• Interviews 

    Artist Alley: Evan “Doc” Shaner Takes Us Into the World of “Flash Gordon” #1 [Interview]

    By | April 9th, 2014
    Posted in Interviews | % Comments

    Even as comics get better and better from a quality standpoint, one thing that’s strangely missing quite often is any real sense of fun. Comics have moved away from being funny books, and into quite often grim tales about things like “woe” and “darkness”. So when something comes up that is really, truly fun, we can’t help but love it. This week features an amazing example of “FUN” with a capital…well, all of the letters. You saw it. That book is “Flash Gordon” #1 from Jeff Parker, Evan “Doc” Shaner and Jordie Bellaire, and trust me, you’re going to want it.

    Four our Artist Alley column, I reached out to Doc to talk about “Flash Gordon”, what his influences are, what makes working with Jeff and Jordie so great, and getting in-depth on some of my favorite pages from the issue with him. All of the pages are unlettered, but beware as these pages come from all over the issue. If you’re worried about spoilers, then I’d recommend avoiding this until after you read the issue.

    Also, at the bottom of this interview are inked versions of the pages we looked at. Take a look to see what Doc’s work looks like before Jordie works her magic. It’s pretty damn awesome.

    Many people know you for a more classic style that fits well with characters like Captain Marvel and Superman, but was Flash Gordon a character that appealed to you before as an artist? What made this project such an alluring one to you as an artist?

    DS: I’m not sure if Flash Gordon specifically was somebody I really wanted to draw, at least at the time. I’ve always liked that type of character, but then Jeff’s take on him really sealed the deal for me. The idea of this smiley positive guy who’s also ready to jump into an adventure at the drop of a hat– that’s definitely something I love drawing. I’m a big fan of Al Williamson so I was already familiar with his work on the character, which I love. That lead me to the original Alex Raymond strips which I really enjoy now. I’m certainly a fan now.

    You’re working with two amazing collaborators on this project in Jeff Parker and Jordie Bellaire. How does working with them help you elevate your game, in particular with the way that Jeff scripts the book?

    DS: Oh, it’s huge for me. I’ve known Jeff for a while and always wanted to work with him, and I’ve wanted to work with Jordie since I first saw her work. The notion that I’d get to work with both of them on the same book, it’s a dream. And that’s part of it — I’m really getting to work with them. I think we’re all working to each other’s strengths, which can only make the book better. Jeff knows the kinds of things I love to draw, and he’s giving me a chance to do it to the best of my ability. That’s also thanks to Nate Cosby, who somehow tricked Jeff and Jordie into working with me.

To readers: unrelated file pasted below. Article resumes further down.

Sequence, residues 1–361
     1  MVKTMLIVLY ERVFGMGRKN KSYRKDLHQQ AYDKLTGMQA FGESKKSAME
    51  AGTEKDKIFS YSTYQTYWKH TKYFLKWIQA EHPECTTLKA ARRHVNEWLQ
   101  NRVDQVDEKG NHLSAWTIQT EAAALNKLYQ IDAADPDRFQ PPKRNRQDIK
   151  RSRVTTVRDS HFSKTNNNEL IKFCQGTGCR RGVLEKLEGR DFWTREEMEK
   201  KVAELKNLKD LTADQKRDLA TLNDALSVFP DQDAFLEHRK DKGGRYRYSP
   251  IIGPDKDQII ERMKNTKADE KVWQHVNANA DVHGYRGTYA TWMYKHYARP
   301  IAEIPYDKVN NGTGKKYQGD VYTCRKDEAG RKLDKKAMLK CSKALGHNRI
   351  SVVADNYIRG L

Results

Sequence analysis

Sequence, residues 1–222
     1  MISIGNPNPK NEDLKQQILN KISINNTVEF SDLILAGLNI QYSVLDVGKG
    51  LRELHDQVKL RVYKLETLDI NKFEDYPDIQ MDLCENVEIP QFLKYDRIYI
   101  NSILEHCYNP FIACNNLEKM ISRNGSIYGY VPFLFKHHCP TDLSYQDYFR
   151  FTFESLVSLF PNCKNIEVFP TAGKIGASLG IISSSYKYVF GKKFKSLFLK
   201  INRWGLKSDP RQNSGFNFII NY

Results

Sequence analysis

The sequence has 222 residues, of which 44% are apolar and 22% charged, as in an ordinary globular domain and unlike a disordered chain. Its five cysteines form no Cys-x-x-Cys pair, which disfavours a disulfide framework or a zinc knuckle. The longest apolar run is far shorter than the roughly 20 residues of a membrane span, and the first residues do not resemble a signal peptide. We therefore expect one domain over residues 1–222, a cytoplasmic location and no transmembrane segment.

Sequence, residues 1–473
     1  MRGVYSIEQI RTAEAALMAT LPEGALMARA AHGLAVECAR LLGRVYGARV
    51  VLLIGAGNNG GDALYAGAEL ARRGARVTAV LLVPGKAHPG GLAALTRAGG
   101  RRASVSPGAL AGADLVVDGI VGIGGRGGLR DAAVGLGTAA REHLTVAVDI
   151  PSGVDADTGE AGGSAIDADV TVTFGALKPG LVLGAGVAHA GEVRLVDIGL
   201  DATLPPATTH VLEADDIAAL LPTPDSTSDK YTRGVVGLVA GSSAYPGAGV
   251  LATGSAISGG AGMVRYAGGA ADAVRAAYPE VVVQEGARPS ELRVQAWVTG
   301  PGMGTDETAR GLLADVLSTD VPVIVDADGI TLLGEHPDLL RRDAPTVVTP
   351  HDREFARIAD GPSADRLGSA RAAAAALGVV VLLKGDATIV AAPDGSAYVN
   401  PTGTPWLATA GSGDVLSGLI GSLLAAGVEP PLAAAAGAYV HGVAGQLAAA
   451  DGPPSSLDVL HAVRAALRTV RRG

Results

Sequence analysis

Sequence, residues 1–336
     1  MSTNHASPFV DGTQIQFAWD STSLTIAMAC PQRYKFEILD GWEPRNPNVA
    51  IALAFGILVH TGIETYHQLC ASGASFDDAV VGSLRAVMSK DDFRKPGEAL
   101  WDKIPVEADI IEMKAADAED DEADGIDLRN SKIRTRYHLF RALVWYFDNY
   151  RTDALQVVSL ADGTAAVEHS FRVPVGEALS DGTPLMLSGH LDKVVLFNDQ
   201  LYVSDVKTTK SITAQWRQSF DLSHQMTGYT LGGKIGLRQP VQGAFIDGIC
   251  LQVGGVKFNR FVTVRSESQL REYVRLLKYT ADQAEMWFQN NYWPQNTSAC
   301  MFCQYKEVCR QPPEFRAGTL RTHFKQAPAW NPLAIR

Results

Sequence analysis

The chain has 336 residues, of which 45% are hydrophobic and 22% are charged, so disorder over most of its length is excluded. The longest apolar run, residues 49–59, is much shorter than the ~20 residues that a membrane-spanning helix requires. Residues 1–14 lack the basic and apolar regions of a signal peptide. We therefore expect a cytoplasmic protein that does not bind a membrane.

Reading this book, it’s clear that your art is very simpatico with the characters and concept, especially the lantern-jawed, almost always smiling lead. You mentioned Al Williamson before, but both inside and outside of comics, who and what would you say are the biggest influences on your work as an artist, particularly for a project like this?

    DS: Yeah, Williamson certainly because of the direct link to his Flash Gordon work. Kubert, Wieringo, Toth, and Bernet are the ones who’ve had the biggest influence on me in general, but for this book in particular I’d say probably Kubert and Mark Schultz as well. The second half of the first issue had me poring over Schultz’s work and trying to glean from it. There’s also an artist named Paul Felix who’s worked at Disney for a while now, I’m a huge fan of his development drawings and some of that makes its way into the environments of the book as well.

    Page 10 from Flash Gordon #1

    Can you talk about the way you and Jordie worked on a page like this? The second and fourth panels obviously have very unique and bold coloring, but it’s the type of look that feels to me like you’d have to coordinate closely to achieve it. Was that the case, or is it the type of thing where Jordie is just so damn good she just makes magic wherever she goes?

    Continued below

    DS: Definitely the latter. I gave Jordie no direction on how to approach the warping in the portals– if anything I was really curious to see what she’d do with it. The sort of rainbow effect is all her and I love it. What’s been nice about this book so far is that I’m almost entirely thinking in black and white and then Jordie comes in and makes it look like I know what I’m doing. She’s fantastic.

    The sound effect lettering and how it jumps out of the panels on this page does a lot to add to the fun of the book, and it fits perfectly with your art. Is that something you bring to the table, or does Simon Bowland, the book’s letterer, handle those duties? What do you think those elements add to the page and experience for the reader?

    DS: That’s all me. Simon’s great, and it’s not at all that he wouldn’t do a great job of it, it’s more so that I really enjoy doing the sound effects by hand and really making it part of the art. The practical side of it is that’s less that I’m drawing, or less drawing that’s just going to get covered up anyway. I’ve done it for the last few books I’ve worked on and find it makes the process that much more fun for me. I hope the readers like it.

    Pages 12 and 13 from Flash Gordon #1

    This first issue quickly takes readers through a number of new worlds, including the mega tree land of Arboria. When it comes to building these, how specific was Jeff? Was it more of a case where he said something like, “this planet has huge trees and flora and fauna everywhere!” and unleashed you to do what you do? Or was he very specific?